Most cutscenes are shown with the same character models that are used in the battle animations, but every once in awhile the player is given a beautifully pre-rendered animated cinematic. The closest comparison I can make is Valkyria Chronicles of the Playstation 3 and I looked forward to every instance that the game decided to show off these scenes. My only complaint, and literally the only reason I didn’t give the graphics 5 stars, is that these scenes are few and far between; the first few chapters had them in spades, but then I went through at least 10 more chapters before I saw another one. Throw in all the random battles I was engaging in, and it was literally days of playing the game before I saw another one. When one did show up, my face lit up like a child in a candy store, a fact that my girlfriend would have probably laughed at had she not also been engrossed in her own copy of the game.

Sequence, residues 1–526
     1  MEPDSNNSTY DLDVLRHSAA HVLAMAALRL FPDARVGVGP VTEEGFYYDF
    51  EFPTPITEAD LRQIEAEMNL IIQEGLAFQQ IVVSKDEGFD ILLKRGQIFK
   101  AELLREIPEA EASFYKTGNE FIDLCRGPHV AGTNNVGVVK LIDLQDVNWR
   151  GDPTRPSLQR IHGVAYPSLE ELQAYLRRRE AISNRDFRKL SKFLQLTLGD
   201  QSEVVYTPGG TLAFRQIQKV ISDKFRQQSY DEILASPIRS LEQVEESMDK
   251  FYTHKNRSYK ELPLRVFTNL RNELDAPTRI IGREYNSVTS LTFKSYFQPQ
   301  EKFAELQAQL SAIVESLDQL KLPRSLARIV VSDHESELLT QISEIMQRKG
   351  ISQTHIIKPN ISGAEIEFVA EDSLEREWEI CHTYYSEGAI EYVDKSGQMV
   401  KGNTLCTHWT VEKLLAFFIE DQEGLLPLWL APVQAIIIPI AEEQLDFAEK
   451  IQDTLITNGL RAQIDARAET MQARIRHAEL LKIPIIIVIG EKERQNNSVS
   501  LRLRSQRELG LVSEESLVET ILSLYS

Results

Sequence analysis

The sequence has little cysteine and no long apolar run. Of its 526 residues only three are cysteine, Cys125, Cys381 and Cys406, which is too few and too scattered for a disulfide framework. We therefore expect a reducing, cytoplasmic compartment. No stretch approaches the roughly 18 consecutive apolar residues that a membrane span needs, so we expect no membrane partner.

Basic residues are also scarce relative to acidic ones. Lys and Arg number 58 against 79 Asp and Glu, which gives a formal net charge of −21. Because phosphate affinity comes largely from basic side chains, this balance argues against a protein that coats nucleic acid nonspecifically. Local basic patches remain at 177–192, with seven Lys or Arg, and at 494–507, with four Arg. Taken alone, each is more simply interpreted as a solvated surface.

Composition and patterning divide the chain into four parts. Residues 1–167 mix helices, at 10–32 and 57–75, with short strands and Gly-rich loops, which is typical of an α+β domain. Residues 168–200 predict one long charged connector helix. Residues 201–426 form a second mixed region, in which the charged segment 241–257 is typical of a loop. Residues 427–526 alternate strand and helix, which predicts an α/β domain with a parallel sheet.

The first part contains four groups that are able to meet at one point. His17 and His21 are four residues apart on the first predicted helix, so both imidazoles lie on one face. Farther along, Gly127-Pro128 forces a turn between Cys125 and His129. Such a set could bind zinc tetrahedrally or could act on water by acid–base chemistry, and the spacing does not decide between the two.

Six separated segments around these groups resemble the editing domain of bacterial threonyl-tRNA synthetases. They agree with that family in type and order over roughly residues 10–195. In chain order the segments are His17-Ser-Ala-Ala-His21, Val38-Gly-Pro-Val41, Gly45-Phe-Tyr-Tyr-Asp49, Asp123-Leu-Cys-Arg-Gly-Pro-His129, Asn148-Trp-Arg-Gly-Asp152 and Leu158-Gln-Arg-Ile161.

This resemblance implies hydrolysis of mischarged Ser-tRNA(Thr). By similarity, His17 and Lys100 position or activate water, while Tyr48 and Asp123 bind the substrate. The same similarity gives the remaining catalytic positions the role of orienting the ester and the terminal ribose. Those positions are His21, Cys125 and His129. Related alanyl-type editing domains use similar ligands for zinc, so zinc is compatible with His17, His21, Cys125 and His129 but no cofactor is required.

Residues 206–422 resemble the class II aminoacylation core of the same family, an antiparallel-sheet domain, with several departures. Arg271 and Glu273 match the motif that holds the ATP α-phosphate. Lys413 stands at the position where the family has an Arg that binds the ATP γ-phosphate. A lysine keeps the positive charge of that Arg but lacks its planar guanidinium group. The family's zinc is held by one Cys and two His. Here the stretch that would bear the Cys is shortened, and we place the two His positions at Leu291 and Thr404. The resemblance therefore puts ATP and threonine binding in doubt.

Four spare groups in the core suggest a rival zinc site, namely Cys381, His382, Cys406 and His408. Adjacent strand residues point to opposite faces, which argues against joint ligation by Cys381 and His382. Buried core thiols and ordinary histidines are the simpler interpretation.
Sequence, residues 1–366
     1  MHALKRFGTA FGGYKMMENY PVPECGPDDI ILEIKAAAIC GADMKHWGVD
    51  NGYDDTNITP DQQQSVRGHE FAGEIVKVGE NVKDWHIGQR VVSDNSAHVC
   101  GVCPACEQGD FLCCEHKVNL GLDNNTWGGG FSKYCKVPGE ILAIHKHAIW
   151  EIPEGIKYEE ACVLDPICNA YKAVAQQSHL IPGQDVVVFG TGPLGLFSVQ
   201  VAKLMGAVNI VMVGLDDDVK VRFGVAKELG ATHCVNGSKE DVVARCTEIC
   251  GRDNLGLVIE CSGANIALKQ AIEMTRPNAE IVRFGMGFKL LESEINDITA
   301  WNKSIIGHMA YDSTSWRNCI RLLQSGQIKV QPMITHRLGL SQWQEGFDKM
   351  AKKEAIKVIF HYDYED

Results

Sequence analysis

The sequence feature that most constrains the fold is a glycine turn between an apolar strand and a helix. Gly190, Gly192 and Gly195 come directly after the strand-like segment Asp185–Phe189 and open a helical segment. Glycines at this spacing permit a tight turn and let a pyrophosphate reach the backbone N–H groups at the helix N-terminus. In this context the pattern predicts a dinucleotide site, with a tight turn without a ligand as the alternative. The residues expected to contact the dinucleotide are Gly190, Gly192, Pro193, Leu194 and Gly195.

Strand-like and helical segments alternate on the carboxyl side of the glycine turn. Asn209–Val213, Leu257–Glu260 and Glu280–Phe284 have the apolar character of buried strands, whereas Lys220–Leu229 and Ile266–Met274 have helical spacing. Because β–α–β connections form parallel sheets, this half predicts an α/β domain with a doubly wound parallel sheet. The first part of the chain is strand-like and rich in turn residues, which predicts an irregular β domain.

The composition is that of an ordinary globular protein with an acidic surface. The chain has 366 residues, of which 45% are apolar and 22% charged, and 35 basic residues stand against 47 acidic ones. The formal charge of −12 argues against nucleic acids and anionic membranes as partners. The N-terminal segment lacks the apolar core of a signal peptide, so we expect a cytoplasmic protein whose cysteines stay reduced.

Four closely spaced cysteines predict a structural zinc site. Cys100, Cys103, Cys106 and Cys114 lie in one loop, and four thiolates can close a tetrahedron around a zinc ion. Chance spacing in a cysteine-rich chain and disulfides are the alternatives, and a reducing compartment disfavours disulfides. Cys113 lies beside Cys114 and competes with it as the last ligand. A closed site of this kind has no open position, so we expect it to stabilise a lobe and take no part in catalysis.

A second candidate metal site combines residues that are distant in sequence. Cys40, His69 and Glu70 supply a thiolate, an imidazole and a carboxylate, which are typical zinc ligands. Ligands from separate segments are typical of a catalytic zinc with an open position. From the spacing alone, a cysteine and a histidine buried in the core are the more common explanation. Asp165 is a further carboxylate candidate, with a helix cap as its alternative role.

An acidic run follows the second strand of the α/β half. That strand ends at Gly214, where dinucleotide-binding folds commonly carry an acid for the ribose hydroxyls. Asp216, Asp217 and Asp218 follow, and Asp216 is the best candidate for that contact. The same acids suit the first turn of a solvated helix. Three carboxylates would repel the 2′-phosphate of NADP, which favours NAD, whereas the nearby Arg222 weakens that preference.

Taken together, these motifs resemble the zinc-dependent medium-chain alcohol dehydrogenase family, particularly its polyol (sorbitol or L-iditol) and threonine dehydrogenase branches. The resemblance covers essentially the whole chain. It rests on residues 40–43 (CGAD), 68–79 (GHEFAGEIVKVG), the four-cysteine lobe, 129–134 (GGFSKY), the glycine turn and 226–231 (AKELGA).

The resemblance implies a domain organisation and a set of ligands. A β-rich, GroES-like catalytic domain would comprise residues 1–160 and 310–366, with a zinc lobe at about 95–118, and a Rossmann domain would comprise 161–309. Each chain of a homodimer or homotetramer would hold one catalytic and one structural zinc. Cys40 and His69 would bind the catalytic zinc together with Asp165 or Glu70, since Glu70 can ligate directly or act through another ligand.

Fire Emblem: Awakening’s soundtrack was always a boon for the game. Sweeping music for the individual levels and cinematics serve as proper motivators for the battles while appropriately joyous melodies set the tone during the characters’ often-humorous support conversations. What really impressed me though was how seemlessly the music was able to transition. Each level tends to have a track associated with it (I’m a huge fan of the music of Chapter 9) with variants for both the tactical map and combat scenes. When blows are exchanged the music transition is just as seamless as the graphics, switching instantly from the calm tactical-map version to the louder, more boisterous alternative as characters try to kill one-another. Previous games used a seperate track for battles similar to those used by other classic RPGs, but I personally I enjoyed the more consistent choice that the developers decided on with Awakening.